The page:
What might we see if there was a concerted push to get people out of inpatient units? To start with, people in inpatient units should be having regular reviews (remember, this is the mechanism in the new announcements that is supposed to trigger people leaving inpatient units). The graph below shows the time since people’s last review for people in inpatient units, from March 2015 to September 2019. There is some evidence of a push on reviews in March 2019 (the end of Transforming Care), with more people having more recent reviews, but by September 2019 it looks like the time since last review is drifting back to its usual level.  



You can also see in the graph below that, over time, steadily more people in inpatient units have been the subject of Care and Treatment Reviews (CTRs), introduced to try and bring both commissioner and independent voices into the decision-making process about people leaving inpatient units, although again there be evidence of a slight drift backwards after March 2019.


 Are these reviews having an impact on people getting a planned date for transferring out of the inpatient unit they are in (bearing in mind that a transfer may be to another inpatient unit, which I’ll come to later). The graph below shows that after a real dip in 2016, over half of people in inpatient units had a planned transfer date, although that has again dipped back to under half in September 2019, six months after the end of Transforming Care.




If someone does have a planned date for a transfer out of an inpatient unit, how soon are they expected to move? The graph below shows the time to the planned transfer for people in inpatient units. I think there is real evidence here of a push towards shorter times to planned transfers in the two years before the end of Transforming Care in March 2019, although again there has been a drift backwards since. It’s also worth noting that this push seemed to have little impact on the proportion of people whose planned transfer was overdue  - this has stayed pretty steady over time.



So far we’ve evidence of a push happening towards the end of Transforming Care in terms of more recent reviews and CTRs and more people with shorter times to planned transfers, although some drift backwards once the foot was taken off the pedal. What do we know about how good the planning was for these planned transfers and whether they are likely to be successful? One thing we can look at is whether councils are aware of the person’s planned transfer. The graph below shows that over time fewer and fewer councils (less than half by September 2018) were aware of the person’s planned transfer, and also that by September 2019 commissioners didn’t even know if councils were aware or not for over 40% of people with a planned transfer.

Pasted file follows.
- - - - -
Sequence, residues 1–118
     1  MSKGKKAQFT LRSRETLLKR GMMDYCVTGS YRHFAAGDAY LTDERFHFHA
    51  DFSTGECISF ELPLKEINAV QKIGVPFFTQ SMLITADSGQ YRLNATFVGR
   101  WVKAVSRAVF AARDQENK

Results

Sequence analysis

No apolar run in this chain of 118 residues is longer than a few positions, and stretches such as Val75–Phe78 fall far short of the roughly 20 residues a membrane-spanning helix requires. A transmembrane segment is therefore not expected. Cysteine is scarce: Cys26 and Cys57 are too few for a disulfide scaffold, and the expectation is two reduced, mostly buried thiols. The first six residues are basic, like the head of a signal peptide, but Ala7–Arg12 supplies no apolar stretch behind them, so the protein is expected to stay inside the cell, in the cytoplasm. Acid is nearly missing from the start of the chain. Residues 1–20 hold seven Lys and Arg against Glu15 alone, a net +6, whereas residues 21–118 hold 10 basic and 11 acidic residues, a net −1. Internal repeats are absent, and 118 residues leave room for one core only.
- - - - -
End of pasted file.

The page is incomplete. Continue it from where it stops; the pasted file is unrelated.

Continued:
Another marker of the quality of a transfer plan in the statistics is the range of people who have agreed a person’s transfer plan. As the graph below shows, over time the proportion of transfer plans that have been agreed by the person themselves, by a family member or carer, by an advocate, by the service provider’s clinical team, or by the service commissioner (!) has plummeted over time (with a particularly steep drop from September 2018 to March 2019).


So there was a push in terms of reviews and planned transfers, but some suggestion that these pushed transfer plans might be cutting corners. What was the impact of this push on the number of people actually moving out of inpatient units, and where were people going? The graph below shows the destinations of people transferred from an inpatient unit, in blocks of a year from October 2015 to September 2019. In terms of overall numbers the picture is positive, with more people year-on-year moving to community settings, particularly the family home ("with support", although many families report not getting the support they need). Overall, fewer people (although still 20% of all people transferred in 2018-19) were being ‘transferred’ directly to another inpatient unit or hospital.


If there are more people being transferred out of inpatient units, why are the overall numbers of people in inpatient units not changing very much? The graph below provides much of the answer – over time more and more autistic people and people with learning disabilities are going into inpatient units. Almost a quarter of these ‘admissions’ (22.4% in 2018-19) are actually people being moved directly from another inpatient unit or hospital. More than 1 in 10 (10.9% in 2018-19) people going into an inpatient unit had come out of one less than a year before, although the number of people being re-admitted is reducing over time. For two-thirds of people coming into an inpatient unit (66.7% in 2018-19) it is likely to be their first time.



Two final questions. First, did this push have any impact on the length of time people spend in inpatient units? The graph below shows the average length of time people have spent in their current inpatient unit, and also the average length of time people had spent continuously in some form of inpatient unit (including being transferred directly from one to another). As the graph shows, while the average amount of time people have spent in their current inpatient unit has dropped slightly (to 2 years 6 months in September 2019) the average amount of time people have spent continuously in inpatient units has not changed at all (5 years 5 months in September 2019), as a result of people being moved around the inpatient system. In September 2019, 12% of people had been in their current inpatient unit for 5 years or more and 36% of people had been continuously in inpatient units for 5 years or more.